Back Pain Information Page


    What is Back Pain?

    Is there any treatment?

    What is the prognosis?

    What research is being done?


    Related NINDS Publications and Information

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    What is Back Pain?

    Acute or short-term low back pain generally lasts from a few days to a few weeks. Most acute back pain is the result of trauma to the lower back or a disorder such as arthritis. Pain from trauma may be caused by a sports injury, work around the house or in the garden, or a sudden jolt such as a car accident or other stress on spinal bones and tissues. Symptoms may range from muscle ache to shooting or stabbing pain, limited flexibility and range of motion, or an inability to stand straight. Chronic back pain is pain that persists for more than 3 months. It is often progressive and the cause can be difficult to determine.

    Is there any treatment?

    Most low back pain can be treated without surgery. Treatment involves using over-the-counter pain relievers to reduce discomfort and anti-inflammatory drugs to reduce inflammation.  The goal of treatment is to restore proper function and strength to the back, and prevent recurrence of the injury.  Medications are often used to treat acute and chronic low back pain. Effective pain relief may involve a combination of prescription drugs and over-the-counter remedies.  Although the use of cold and hot compresses has never been scientifically proven to quickly resolve low back injury, compresses may help reduce pain and inflammation and allow greater mobility for some individuals.  Bed rest is recommended for only 1–2 days at most.  Individuals should resume activities as soon as possible.  Exercise may be the most effective way to speed recovery from low back pain and help strengthen back and abdominal muscles.   In the most serious cases, when the condition does not respond to other therapies, surgery may relieve pain caused by back problems or serious musculoskeletal injuries. 

    What is the prognosis?

    Most patients with back pain recover without residual functional loss, but individuals should contact a doctor if there is not a noticeable reduction in pain and inflammation after 72 hours of self-care.  Recurring back pain resulting from improper body mechanics or other nontraumatic causes is often preventable. Engaging in exercises that don’t jolt or strain the back, maintaining correct posture, and lifting objects properly can help prevent injuries. Many work-related injuries are caused or aggravated by stressors such as heavy lifting, vibration, repetitive motion, and awkward posture. Applying ergonomic principles — designing furniture and tools to protect the body from injury — at home and in the workplace can greatly reduce the risk of back injury and help maintain a healthy back.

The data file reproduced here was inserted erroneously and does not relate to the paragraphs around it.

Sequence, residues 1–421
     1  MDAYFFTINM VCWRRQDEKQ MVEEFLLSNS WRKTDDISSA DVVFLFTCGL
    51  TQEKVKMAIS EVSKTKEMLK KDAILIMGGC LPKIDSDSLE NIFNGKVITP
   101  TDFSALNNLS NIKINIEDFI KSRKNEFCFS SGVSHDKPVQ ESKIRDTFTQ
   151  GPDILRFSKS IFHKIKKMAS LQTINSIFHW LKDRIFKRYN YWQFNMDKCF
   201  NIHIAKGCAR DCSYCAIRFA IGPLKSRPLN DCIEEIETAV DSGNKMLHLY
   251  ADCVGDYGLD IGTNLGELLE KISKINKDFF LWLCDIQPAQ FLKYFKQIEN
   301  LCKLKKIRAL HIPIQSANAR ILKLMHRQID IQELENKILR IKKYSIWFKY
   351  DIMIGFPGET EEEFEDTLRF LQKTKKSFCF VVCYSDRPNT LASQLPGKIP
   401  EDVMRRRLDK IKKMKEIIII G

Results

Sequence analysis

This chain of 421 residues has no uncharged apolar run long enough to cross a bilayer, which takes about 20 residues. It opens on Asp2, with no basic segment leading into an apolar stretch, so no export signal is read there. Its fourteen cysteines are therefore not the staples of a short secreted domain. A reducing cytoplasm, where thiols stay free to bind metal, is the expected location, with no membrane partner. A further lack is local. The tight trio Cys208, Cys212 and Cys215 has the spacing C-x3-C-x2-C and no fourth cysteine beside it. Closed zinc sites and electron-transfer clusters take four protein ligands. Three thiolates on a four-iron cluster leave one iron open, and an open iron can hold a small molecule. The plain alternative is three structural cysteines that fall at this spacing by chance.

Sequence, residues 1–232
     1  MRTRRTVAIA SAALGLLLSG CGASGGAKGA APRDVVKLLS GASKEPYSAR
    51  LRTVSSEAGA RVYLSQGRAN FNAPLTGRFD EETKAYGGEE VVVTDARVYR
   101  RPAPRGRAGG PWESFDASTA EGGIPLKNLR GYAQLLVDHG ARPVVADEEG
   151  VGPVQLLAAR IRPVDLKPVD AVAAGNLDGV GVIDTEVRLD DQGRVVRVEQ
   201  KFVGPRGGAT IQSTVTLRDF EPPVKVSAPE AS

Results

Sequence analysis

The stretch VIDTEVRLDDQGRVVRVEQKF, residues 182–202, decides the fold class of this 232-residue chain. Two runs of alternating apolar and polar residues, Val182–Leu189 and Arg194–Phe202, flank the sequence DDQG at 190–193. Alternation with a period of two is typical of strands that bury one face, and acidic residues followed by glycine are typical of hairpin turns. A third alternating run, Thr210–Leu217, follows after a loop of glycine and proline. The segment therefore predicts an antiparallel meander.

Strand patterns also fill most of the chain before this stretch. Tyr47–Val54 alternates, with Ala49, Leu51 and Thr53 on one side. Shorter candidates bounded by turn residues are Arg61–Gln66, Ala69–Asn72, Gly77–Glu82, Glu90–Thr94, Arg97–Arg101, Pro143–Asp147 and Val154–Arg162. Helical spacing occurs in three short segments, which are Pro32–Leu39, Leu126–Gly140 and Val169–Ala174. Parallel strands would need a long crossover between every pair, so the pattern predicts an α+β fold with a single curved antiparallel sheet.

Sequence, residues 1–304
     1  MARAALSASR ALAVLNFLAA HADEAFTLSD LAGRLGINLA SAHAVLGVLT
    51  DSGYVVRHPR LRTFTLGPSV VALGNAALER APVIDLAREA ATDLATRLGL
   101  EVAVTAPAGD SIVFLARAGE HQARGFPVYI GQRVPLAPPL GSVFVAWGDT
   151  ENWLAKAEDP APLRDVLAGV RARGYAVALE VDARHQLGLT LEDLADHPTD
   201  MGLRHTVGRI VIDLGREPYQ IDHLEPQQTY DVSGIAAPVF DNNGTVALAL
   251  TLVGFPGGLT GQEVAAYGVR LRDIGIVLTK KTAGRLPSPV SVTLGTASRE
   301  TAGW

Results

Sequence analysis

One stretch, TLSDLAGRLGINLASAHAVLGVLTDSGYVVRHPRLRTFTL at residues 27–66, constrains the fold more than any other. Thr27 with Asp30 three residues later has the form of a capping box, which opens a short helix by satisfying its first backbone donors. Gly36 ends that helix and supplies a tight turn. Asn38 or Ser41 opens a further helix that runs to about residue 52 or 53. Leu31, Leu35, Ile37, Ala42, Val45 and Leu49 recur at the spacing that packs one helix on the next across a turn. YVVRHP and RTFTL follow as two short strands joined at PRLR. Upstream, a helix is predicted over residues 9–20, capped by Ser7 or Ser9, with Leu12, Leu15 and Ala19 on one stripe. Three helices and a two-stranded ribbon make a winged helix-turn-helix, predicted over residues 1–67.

What research is being done?

    The National Institute of Neurological Disorders and Stroke (NINDS) and other institutes of the National Institutes of Health (NIH) conduct pain research in laboratories at the NIH and also support pain research through grants to major medical institutions across the country.  Currently, researchers are examining the use of different drugs to effectively treat back pain, in particular, chronic pain that has lasted at least 6 months. Other studies are comparing different health care approaches to the management of acute low back pain (standard care versus chiropractic, acupuncture, or massage therapy). These studies are measuring symptom relief, restoration of function, and patient satisfaction. Other research is comparing standard surgical treatments to the most commonly used standard nonsurgical treatments to measure changes in health-related quality of life among patients suffering from spinal stenosis.

    Select this link to view a list of studies currently seeking patients.


    American Chronic Pain Association (ACPA)

    P.O. Box 850

    Rocklin, CA   95677-0850

    Tel: 916-632-0922 800-533-3231

    Fax: 916-632-3208

     American Pain Foundation

    201 North Charles Street

    Suite 710

    Baltimore, MD   21201-4111

    Tel: 888-615-PAIN (7246)

    Fax: 410-385-1832


    National Institute of Arthritis and Musculoskeletal and Skin Diseases Information Clearinghouse

    1 AMS Circle

    Bethesda, MD   20892-3675

    Tel: 877-22-NIAMS (226-4267) 301-565-2966 (TTY)

    Fax: 301-718-6366

     American Association of Neurological Surgeons

    5550 Meadowbrook Drive

    Rolling Meadows, IL   60008-3852

    Tel: 847-378-0500/888-566-AANS (2267)

    Fax: 847-378-0600


    American Academy of Orthopaedic Surgeons/ American Association of Orthopaedic Surgeons

    6300 North River Road

    Rosemont, IL   60018

    Tel: 847-823-7186

    Fax: 847-823-8125

     American Academy of Family Physicians

    11400 Tomahawk Creek Parkway

    Suite 440

    Leawood, KS   66211-2672

    Tel: 913-906-6000/800-274-2237

    Fax: 913-906-6095


    Alzheimer’s Association

    225 North Michigan Avenue

    17th Floor

    Chicago, IL   60601-7633

    Tel: 312-335-8700 TDD: 312-335-5886

    Fax: 866.699.1246

     American Academy of Neurological and Orthopaedic Surgeons

    10 Cascade Creek Lane

    Las Vegas, NV   89113

    Tel: 702-388-7390

    Fax: 702-871-4728


    American Academy of Physical Medicine & Rehabilitation

    330 North Wabash Ave.

    Suite 2500

    Chicago, IL   60611-7617

    Tel: 312-464-9700

    Fax: 312-464-0227


    Related NINDS Publications and Information

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